I’m lagging a bit on these challenges, I’m hoping to catch back up tomorrow night; but here’s last week’s entry. The theme was “modernity“, and the challenge was open to interpretation.
There’s two definitions for modernity: the first is more-or-less “relating to the modern era”, which is the natural interpretation of this prompt — and indeed I saw a lot of iPhones, watches, modern transportation, etc. But the other definition refers to a very specific period of time in art history which is not at all “modern” in any sense of the word today. In fact, it’s quite old. The “modernity” period lasted from roughly the end of the seventeenth century all the way to World War II.
With respect to “art”, modernity tried to discover and push the boundaries of what was possible; it focused not just on making things look as “realistic” as possible, but on how the images were created. Impressionism was one of the earliest art forms in the Modernity period, and it went from there to the surrealist movement (Salvador Dali), cubism (Picasso), and lots of others.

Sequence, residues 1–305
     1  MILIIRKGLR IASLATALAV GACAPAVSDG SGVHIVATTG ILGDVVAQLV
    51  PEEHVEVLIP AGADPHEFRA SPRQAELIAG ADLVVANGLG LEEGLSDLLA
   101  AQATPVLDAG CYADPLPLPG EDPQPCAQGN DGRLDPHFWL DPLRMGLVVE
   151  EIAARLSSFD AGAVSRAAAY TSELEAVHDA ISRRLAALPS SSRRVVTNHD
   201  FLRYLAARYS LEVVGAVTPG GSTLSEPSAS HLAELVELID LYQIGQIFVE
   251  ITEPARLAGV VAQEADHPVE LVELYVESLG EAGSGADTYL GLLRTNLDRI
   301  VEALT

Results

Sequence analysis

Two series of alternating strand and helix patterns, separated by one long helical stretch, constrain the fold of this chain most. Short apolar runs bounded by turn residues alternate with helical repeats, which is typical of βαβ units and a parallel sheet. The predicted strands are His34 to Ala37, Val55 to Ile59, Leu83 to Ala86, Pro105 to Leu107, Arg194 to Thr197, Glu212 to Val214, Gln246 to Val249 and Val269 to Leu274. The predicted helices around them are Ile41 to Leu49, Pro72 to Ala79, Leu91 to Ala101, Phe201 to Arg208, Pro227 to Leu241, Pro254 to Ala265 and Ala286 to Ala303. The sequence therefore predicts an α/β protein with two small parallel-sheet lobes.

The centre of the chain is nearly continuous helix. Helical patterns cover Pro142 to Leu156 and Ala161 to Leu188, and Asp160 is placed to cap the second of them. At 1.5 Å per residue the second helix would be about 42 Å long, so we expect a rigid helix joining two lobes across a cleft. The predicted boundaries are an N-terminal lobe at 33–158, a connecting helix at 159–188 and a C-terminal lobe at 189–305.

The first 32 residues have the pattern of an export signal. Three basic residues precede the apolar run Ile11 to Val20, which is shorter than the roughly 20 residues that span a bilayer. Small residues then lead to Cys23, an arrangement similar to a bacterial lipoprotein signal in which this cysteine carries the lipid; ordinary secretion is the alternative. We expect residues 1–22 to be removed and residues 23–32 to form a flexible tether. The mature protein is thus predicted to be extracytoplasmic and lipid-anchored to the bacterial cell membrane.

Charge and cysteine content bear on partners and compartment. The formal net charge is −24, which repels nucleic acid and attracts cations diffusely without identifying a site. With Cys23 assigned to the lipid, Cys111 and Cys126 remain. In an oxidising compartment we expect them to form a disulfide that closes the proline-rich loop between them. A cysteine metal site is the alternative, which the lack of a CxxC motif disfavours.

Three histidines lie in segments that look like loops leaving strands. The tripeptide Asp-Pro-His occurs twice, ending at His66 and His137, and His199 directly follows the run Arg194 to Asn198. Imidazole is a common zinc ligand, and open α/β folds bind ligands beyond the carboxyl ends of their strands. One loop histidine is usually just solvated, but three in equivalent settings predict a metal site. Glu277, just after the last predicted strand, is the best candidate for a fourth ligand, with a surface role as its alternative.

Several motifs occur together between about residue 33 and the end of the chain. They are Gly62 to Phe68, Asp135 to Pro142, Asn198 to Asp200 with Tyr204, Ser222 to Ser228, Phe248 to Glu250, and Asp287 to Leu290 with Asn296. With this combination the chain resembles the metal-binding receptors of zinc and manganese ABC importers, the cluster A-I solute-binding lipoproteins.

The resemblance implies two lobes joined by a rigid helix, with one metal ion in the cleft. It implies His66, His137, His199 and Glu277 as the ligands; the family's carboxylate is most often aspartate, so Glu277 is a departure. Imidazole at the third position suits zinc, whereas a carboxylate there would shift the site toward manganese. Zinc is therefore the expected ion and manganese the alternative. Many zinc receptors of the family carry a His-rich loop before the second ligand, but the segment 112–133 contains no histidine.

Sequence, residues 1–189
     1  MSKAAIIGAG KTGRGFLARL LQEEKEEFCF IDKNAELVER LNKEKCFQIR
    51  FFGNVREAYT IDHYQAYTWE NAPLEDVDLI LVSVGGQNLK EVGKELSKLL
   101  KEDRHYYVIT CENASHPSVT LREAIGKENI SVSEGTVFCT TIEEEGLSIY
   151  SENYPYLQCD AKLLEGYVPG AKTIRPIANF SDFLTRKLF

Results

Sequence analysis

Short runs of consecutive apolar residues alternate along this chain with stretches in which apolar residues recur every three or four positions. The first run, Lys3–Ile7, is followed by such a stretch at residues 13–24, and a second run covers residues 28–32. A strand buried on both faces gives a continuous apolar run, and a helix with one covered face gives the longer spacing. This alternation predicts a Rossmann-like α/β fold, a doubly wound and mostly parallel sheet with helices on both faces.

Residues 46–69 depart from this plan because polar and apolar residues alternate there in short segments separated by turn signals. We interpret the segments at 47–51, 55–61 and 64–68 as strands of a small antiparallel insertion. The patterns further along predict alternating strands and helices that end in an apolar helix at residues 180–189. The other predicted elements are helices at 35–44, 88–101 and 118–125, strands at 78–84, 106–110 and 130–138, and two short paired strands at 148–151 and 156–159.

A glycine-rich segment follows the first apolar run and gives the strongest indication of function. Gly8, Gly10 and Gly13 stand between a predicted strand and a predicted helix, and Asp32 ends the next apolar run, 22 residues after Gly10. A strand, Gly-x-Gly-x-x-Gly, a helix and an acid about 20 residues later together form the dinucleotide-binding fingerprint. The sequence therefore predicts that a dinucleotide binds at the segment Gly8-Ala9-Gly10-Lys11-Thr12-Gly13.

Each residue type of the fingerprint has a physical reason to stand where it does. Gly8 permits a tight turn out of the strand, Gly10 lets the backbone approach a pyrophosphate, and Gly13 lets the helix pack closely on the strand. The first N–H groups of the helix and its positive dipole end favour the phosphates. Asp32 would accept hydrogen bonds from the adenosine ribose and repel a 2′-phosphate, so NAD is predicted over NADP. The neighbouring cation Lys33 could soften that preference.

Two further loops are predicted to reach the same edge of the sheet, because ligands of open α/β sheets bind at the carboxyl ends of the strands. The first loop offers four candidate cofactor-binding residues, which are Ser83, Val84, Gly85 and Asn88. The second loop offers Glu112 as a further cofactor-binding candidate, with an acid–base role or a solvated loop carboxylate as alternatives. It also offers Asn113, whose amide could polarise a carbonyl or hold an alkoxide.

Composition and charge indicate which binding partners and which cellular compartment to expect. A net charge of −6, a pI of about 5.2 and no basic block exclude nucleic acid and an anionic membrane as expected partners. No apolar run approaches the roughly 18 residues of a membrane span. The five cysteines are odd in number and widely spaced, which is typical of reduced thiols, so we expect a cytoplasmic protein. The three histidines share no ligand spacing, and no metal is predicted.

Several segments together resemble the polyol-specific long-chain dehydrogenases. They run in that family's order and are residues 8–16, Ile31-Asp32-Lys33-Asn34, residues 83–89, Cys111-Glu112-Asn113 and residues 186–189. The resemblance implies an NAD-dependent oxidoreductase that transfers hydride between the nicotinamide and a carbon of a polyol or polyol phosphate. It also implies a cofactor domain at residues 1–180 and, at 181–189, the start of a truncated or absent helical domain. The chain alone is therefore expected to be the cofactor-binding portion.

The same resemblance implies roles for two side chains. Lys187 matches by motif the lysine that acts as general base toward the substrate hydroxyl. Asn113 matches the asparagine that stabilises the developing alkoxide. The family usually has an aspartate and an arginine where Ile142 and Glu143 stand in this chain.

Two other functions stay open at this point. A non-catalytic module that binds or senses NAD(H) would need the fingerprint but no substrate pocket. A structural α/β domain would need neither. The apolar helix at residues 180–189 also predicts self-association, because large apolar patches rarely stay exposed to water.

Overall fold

So anyways, for this challenge I wanted to capture “modernity” in this sense of the word, but also not completely divorce it from modern times. I am using a camera, after all 🙂
My first attempt fell flat (and is part of the reason why this is late). I’ve always loved the oil painting American Gothic, which is a quintessential example of art from the “modernity” period. Or maybe to be more specific, I’ve always loved parodies or modifications to American Gothic. Unfortunately, the shot that I wanted to use I just really wasn’t happy with, so I gave up.
So I decided to go in a different direction: I decided to try to take on cubism with a camera. This shot was more work to set up and required a bunch of post-processing work, but I’m pretty happy with the results. I guess you can judge if I was successful or not.